Nasal Vaccination Against SARS-CoV-2: Synergistic or Alternative to Intramuscular Vaccines?

Mattia Tiboni, Luca Casettari, Lisbeth Illum

It is striking that all marketed SARS-CoV-2 vaccines are developed for intramuscular administration designed to produce humoral and cell mediated immune responses, preventing viremia and the COVID-19 syndrome. They have a high degree of efficacy in humans (70–95%) depending on the type of vaccine. However, little protection is provided against viral replication and shedding in the upper airways due to the lack of a local sIgA immune response, indicating a risk of transmission of virus from vaccinated individuals.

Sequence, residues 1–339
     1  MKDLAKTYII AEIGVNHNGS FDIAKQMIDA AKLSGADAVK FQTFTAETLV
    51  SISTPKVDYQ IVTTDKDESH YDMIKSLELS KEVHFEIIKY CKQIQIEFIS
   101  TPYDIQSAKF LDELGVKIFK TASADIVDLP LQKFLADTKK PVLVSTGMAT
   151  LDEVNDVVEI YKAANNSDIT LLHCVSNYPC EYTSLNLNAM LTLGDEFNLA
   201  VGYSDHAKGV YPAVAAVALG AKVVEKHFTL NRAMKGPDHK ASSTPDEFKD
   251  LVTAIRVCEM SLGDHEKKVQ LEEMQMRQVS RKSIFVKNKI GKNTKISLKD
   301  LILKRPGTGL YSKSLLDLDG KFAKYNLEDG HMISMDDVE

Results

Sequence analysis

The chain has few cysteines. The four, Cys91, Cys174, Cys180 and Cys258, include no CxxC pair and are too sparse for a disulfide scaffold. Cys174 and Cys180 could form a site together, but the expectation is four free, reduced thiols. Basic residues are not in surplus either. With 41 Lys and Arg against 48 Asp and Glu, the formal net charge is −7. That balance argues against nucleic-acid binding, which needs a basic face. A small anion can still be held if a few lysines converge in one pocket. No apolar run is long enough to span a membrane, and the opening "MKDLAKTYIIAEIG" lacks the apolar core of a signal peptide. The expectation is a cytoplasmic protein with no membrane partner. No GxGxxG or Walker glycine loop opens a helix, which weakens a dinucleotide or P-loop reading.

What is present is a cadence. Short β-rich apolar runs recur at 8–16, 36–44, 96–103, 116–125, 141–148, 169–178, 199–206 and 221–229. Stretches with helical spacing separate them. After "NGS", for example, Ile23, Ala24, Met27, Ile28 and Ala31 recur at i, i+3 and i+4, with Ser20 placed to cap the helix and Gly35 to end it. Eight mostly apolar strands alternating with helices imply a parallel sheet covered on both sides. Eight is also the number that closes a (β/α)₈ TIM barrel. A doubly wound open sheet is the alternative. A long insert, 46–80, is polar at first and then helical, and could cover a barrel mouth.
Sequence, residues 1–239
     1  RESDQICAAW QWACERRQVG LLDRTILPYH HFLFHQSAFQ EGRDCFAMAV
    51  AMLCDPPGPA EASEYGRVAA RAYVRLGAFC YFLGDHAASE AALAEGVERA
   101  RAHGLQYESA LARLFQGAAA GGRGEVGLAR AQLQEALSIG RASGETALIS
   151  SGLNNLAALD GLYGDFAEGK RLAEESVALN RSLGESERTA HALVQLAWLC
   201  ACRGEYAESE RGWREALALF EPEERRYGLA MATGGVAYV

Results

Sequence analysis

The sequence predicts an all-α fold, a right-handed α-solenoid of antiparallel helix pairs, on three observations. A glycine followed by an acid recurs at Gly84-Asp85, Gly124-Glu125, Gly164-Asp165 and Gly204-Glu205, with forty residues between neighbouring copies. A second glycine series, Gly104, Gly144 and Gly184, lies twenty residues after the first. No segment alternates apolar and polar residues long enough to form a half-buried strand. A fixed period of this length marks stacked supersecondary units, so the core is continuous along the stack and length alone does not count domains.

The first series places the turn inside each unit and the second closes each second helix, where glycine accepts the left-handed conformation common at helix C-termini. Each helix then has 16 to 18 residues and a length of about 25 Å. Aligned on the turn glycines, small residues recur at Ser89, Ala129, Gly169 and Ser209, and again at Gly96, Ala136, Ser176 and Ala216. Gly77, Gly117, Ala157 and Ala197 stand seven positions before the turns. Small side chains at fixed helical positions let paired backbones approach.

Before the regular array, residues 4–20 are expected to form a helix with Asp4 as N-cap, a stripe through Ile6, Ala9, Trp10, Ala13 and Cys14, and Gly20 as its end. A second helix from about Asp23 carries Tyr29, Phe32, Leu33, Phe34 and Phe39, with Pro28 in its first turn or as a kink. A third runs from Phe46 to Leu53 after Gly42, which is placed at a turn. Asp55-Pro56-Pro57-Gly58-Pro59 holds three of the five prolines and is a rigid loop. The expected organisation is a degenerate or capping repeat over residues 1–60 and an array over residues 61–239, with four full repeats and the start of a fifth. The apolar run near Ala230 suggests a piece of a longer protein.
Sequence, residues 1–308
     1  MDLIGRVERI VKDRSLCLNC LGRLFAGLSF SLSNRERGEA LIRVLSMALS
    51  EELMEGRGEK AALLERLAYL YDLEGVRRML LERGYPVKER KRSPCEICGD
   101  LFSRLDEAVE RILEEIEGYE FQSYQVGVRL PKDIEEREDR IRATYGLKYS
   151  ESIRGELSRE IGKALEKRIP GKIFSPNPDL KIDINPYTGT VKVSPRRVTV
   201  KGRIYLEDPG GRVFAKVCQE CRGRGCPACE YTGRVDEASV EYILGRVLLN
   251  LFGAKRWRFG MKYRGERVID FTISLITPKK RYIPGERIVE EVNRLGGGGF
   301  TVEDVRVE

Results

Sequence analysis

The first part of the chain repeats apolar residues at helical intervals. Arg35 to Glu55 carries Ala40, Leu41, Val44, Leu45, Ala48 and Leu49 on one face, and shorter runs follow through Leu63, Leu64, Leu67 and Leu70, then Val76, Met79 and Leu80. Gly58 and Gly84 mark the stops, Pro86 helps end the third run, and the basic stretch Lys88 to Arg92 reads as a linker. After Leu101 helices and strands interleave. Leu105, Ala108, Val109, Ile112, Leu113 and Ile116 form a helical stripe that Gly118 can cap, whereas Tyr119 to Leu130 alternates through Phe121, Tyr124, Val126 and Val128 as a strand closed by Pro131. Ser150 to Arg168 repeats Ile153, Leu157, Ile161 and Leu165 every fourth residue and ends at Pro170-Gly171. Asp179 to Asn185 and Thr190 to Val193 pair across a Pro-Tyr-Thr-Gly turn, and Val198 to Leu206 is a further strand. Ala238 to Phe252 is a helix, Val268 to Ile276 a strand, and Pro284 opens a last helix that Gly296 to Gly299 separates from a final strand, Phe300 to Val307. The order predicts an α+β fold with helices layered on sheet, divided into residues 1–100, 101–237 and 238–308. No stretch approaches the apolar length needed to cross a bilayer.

A range of novel nasal COVID-19 vaccines are in development and preclinical results in non-human primates have shown a promising prevention of replication and shedding of virus due to the induction of mucosal immune response (sIgA) in upper and lower respiratory tracts as well as robust systemic and humoral immune responses. Whether these results will translate to humans remains to be clarified. An IM prime followed by an IN booster vaccination would likely result in a better well-rounded immune response, including prevention (or strong reduction) in viral replication in the upper and lower respiratory tracts.

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